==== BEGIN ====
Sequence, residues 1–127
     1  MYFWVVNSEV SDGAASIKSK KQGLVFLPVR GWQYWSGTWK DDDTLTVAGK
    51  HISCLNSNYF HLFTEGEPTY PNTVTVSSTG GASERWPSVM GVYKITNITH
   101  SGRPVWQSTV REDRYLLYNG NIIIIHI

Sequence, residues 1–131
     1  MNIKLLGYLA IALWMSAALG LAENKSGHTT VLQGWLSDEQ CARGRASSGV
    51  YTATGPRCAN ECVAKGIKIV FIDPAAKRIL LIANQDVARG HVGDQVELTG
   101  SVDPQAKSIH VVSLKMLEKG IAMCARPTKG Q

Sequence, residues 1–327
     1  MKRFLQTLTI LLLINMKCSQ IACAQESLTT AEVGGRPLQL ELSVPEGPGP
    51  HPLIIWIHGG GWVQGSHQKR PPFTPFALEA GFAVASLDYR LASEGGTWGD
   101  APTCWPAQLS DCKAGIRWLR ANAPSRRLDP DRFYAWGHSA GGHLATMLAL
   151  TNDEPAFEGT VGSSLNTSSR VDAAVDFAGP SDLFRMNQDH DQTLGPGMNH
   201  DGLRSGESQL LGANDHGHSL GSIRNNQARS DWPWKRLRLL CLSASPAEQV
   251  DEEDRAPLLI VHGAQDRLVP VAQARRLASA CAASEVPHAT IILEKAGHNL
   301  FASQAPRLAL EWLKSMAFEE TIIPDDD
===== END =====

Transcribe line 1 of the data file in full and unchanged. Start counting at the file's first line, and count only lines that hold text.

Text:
Sequence, residues 1–127